While the poor and middle class fight for us in Afghanistan, and while most Americans struggle to make ends meet, we mega-rich continue to get our extraordinary tax breaks. Some of us are investment managers who earn billions from our daily labors but are allowed to classify our income as “carried interest,” thereby getting a bargain 15 percent tax rate. Others own stock index futures for 10 minutes and have 60 percent of their gain taxed at 15 percent, as if they’d been long-term investors.

These and other blessings are showered upon us by legislators in Washington who feel compelled to protect us, much as if we were spotted owls or some other endangered species. It’s nice to have friends in high places.

Last year my federal tax bill – the income tax I paid, as well as payroll taxes paid by me and on my behalf – was $6,938,744. That sounds like a lot of money. But what I paid was only 17.4 percent of my taxable income – and that’s actually a lower percentage than was paid by any of the other 20 people in our office. Their tax burdens ranged from 33 percent to 41 percent and averaged 36 percent.

If you make money with money, as some of my super-rich friends do, your percentage may be a bit lower than mine. But if you earn money from a job, your percentage will surely exceed mine – most likely by a lot.

To understand why, you need to examine the sources of government revenue. Last year about 80 percent of these revenues came from personal income taxes and payroll taxes. The mega-rich pay income taxes at a rate of 15 percent on most of their earnings but pay practically nothing in payroll taxes. It’s a different story for the middle class: typically, they fall into the 15 percent and 25 percent income tax brackets, and then are hit with heavy payroll taxes to boot.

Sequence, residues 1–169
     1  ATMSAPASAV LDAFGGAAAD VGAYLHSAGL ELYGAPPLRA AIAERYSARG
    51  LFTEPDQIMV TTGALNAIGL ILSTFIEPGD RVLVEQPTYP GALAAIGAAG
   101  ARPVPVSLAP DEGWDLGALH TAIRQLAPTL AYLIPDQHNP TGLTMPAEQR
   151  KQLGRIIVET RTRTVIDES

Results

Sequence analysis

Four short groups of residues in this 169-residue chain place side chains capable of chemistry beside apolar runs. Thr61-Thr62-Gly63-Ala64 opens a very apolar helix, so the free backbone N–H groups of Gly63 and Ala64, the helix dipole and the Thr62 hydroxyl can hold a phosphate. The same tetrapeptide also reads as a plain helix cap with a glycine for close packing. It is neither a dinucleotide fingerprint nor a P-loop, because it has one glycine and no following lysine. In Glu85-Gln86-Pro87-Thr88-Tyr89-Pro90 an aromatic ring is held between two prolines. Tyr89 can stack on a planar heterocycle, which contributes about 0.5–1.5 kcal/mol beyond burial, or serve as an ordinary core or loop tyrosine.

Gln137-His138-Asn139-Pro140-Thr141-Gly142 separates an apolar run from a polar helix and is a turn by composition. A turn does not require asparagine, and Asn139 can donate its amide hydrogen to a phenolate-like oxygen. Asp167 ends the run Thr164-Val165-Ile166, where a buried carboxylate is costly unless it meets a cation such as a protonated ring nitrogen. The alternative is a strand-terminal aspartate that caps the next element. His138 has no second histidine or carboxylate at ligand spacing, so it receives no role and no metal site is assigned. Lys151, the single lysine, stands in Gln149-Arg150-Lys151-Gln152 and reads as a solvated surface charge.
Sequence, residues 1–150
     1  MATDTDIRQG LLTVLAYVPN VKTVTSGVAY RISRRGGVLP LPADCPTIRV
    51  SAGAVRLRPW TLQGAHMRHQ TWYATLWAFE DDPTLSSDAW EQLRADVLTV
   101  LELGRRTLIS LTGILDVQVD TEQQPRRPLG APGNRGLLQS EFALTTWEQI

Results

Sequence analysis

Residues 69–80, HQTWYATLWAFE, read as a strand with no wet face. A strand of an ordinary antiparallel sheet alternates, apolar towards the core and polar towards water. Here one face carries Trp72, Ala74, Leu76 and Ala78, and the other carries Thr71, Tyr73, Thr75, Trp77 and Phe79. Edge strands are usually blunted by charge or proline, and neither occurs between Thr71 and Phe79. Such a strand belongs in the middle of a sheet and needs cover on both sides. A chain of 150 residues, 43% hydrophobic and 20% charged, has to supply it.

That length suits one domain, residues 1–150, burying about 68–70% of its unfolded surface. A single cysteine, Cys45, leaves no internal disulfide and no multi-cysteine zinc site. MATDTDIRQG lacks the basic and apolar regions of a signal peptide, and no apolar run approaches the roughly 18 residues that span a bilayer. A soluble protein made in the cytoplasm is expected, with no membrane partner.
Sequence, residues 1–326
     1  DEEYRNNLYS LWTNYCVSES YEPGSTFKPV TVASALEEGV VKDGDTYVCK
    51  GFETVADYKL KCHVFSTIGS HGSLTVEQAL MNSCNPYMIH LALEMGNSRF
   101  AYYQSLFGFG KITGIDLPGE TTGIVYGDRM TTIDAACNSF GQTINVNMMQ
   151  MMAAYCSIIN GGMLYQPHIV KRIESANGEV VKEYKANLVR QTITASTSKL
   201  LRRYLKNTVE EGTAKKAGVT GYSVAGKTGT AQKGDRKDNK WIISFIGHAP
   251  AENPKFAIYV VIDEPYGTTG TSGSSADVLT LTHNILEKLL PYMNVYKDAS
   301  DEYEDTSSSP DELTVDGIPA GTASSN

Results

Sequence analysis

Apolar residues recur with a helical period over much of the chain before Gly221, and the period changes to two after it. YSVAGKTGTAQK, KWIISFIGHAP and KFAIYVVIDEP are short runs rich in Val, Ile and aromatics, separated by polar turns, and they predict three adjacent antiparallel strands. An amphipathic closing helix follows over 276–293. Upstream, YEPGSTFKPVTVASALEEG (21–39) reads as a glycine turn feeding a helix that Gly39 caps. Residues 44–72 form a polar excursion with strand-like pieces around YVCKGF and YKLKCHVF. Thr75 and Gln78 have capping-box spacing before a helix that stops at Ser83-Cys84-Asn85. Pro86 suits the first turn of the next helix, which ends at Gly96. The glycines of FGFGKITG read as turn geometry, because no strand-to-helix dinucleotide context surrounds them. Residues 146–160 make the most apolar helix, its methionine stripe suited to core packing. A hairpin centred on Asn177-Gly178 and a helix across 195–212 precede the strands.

Back in the 1980s and 1990s, tax rates for the rich were far higher, and my percentage rate was in the middle of the pack. According to a theory I sometimes hear, I should have thrown a fit and refused to invest because of the elevated tax rates on capital gains and dividends.

I didn’t refuse, nor did others. I have worked with investors for 60 years and I have yet to see anyone – not even when capital gains rates were 39.9 percent in 1976-77 – shy away from a sensible investment because of the tax rate on the potential gain. People invest to make money, and potential taxes have never scared them off. And to those who argue that higher rates hurt job creation, I would note that a net of nearly 40 million jobs were added between 1980 and 2000. You know what’s happened since then: lower tax rates and far lower job creation.